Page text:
8 minute read
Startup Story

Sunhouse: Artificial intelligence's new groove

Sunhouse team picture 00:00

The music-tech startup making AI work for artists

While people around the world are learning to coexist with artificial intelligence—in our jobs, our art, and our daily lives—drummers have been familiar with this trajectory for decades. “Drummers went through this way before AI. They were replaced by drum machines back in the '80s. They were the first members of the bands to be replaced,” says Tenoch Esparza, co-founder of Sunhouse, a music-tech startup with an ML-enabled hardware/software electronic drumming product called Sensory Percussion.

Tenoch and his brother Tlacael co-founded Sunhouse to create music-making tools that understand musicians and allow them to work creatively with tech in a way that organically preserves the integrity of their craft. To do this, they have put musicians at the front-and-center of their product design and built a machine learning software that responds to human nuance and touch.

Tenoch and Tlacael are both musicians; Tenoch is a classical pianist who went to conservatory and business school, and Tlacael was a drummer in an indie rock band who went on to study music tech. Their experiences converged naturally towards building Sunhouse, and they launched with a drum-focused product for a simple reason: “Rhythm is so fundamental to music,” Tenoch tells us. He explains that even though so much of music is built around a drum track, drummers themselves have felt marginalized by technology: “Drummers were really hungry for this kind of product because they had been cut out of the equation 30-plus years ago. So it was really important for us to create a product that empowers them.”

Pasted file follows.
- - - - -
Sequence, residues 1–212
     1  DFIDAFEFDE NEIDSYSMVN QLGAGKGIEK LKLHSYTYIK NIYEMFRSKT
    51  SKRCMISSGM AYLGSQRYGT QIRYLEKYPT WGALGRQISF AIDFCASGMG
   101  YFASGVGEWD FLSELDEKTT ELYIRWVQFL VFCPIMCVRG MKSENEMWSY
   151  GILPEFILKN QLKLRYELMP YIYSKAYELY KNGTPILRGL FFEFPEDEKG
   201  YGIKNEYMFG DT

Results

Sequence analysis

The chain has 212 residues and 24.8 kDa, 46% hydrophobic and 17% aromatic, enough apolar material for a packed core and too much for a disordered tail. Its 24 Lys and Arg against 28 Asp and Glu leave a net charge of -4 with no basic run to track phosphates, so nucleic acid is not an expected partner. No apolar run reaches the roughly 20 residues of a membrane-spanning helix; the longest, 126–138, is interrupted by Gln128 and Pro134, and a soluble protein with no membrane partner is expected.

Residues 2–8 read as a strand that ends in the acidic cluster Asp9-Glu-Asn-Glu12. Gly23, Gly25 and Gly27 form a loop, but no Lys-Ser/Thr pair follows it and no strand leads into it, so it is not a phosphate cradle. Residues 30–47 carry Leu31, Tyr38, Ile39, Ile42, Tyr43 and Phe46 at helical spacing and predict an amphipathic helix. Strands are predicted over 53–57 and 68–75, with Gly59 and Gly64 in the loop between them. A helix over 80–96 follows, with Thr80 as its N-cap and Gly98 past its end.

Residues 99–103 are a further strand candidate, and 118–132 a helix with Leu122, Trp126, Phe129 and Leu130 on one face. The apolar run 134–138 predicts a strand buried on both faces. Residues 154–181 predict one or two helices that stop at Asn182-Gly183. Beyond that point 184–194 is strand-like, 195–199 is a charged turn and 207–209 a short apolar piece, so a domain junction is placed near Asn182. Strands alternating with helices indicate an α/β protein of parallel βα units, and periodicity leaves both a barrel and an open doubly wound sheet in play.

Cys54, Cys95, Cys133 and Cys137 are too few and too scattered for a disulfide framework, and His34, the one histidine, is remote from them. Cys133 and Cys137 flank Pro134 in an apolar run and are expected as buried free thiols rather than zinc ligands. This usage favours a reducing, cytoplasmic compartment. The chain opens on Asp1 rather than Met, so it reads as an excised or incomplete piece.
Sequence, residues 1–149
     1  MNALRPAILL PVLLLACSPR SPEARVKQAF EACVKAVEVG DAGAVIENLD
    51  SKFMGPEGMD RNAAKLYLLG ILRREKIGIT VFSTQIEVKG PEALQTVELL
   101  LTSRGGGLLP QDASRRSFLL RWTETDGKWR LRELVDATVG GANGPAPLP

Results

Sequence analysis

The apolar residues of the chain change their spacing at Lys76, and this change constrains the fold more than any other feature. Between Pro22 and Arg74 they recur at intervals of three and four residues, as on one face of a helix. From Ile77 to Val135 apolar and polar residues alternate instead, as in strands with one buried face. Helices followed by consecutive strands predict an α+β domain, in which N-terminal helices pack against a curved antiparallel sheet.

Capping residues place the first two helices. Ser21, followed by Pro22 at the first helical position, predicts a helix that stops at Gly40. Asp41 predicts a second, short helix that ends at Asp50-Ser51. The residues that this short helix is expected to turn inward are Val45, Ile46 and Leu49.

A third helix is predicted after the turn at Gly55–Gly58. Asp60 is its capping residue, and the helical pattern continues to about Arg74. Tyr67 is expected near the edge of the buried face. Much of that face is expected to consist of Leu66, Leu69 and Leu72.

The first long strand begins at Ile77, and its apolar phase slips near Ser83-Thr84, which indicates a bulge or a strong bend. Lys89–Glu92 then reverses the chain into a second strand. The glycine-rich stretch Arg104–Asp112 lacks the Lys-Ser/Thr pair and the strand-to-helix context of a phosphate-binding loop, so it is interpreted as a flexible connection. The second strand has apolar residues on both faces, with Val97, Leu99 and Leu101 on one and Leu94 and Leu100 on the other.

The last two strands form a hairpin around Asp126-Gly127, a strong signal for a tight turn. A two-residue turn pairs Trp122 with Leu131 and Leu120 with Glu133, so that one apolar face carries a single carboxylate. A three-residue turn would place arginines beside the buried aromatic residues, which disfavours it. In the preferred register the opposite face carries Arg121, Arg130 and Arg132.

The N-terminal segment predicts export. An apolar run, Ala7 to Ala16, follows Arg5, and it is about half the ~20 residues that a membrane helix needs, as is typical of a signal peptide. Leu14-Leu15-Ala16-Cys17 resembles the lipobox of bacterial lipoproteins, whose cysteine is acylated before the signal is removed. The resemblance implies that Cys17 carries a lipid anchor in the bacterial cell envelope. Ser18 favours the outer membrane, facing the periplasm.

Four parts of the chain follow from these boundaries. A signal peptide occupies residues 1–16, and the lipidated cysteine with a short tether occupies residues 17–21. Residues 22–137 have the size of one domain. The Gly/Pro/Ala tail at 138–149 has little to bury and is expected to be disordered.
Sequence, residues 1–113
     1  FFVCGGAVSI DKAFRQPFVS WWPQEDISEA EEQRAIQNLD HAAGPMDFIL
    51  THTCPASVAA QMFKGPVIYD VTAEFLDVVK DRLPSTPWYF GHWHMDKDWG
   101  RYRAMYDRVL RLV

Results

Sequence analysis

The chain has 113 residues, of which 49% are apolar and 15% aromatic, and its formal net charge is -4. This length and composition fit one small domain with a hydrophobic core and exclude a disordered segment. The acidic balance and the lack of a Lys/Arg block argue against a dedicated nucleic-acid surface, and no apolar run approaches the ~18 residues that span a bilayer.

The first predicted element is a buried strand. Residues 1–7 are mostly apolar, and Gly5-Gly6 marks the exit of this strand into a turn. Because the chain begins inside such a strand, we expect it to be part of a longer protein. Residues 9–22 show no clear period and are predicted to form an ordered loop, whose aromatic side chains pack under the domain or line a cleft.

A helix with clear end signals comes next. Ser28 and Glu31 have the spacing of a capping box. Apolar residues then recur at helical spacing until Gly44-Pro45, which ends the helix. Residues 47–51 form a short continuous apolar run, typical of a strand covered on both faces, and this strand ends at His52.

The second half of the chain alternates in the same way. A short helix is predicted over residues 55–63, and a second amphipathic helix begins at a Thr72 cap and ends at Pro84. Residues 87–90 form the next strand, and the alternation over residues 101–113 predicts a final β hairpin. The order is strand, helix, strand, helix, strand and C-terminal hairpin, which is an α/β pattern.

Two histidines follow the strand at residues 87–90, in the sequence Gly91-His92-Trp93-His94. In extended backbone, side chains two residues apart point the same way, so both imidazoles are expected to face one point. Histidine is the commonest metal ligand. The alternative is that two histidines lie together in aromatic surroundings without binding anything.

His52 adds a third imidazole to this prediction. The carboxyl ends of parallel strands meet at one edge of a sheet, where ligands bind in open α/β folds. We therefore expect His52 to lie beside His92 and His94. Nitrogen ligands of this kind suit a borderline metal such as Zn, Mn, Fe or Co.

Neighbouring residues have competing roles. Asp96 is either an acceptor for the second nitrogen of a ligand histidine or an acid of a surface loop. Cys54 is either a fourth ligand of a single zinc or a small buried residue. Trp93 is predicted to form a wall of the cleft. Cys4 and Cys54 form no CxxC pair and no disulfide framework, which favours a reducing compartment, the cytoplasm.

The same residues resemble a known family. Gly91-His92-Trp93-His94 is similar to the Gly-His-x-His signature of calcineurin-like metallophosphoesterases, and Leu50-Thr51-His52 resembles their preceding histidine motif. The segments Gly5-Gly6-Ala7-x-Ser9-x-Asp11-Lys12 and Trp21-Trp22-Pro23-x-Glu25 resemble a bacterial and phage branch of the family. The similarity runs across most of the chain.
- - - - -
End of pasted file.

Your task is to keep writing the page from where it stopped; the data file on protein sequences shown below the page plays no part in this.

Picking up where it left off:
Tenoch describes the existing industry offering as “either like you stick with your instrument but have really primitive tools, or you ditch your instrument and have the powerful tools. But then it's not an instrument anymore, you're programming.” Their solution is to combine both—using technology as it was intended, to take human skill further. “What we're doing is really creating a bridge between the acoustic world and the digital world using machine learning.”

Tenoch and Tlacael want musicians to be able to collaborate with technology and make it work for them, and they have achieved this with Sensory Percussion. Whereas traditional drum machines render drummers themselves obsolete, Sunhouse harnesses the possibilities that technology brings for drummers to amplify their own instrument. Tenoch explains, “With electronic music, there's two paths: You could get triggers and electronic drums, which basically turn your drums into dumb buttons; it removes all of the expressive qualities of the instrument. The other approach is ditching your instrument and using a tool like a digital audio workstation, to program beats on your computer. And that's how a lot of producers work.” Tlacael had tried the industry-standard tool and found that, as a drummer, he was far more comfortable creating beats with an actual drumset than he was programming a beat with a mouse. “And so he thought, ‘Well, why can't I play the drums and use all of the same tools that the producers have?’ Because that's never really been possible.”

The instrument itself is a drum with a built-in sensor, and software that analyzes the signal generated by the vibration of a drumbeat. “We're detecting when you hit the drum, and then we're passing that signal through our models to figure out how you're interacting with the drums and detecting the timbre of the sound.” Tlacael explains that a drum is capable of producing “an infinite number of sounds” depending on the material and contact. He says, “When you strike the drum, our ears can hear and recognize different nuances of the sound of the drum and our sensor picks up on that actual audio. We're training the computer to recognize sound in a way that we can hear it, and recognize different types of sounds from a single drum.”